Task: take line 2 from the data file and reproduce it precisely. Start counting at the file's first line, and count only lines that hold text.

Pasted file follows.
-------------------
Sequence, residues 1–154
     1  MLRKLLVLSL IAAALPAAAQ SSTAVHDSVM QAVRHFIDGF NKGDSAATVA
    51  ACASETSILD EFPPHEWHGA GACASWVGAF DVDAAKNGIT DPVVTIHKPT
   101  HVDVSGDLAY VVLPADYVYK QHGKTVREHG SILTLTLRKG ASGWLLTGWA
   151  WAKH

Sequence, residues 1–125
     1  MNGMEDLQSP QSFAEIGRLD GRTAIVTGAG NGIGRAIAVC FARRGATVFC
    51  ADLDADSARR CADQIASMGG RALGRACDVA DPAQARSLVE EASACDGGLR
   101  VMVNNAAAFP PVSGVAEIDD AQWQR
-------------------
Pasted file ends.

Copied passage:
     1  MLRKLLVLSL IAAALPAAAQ SSTAVHDSVM QAVRHFIDGF NKGDSAATVA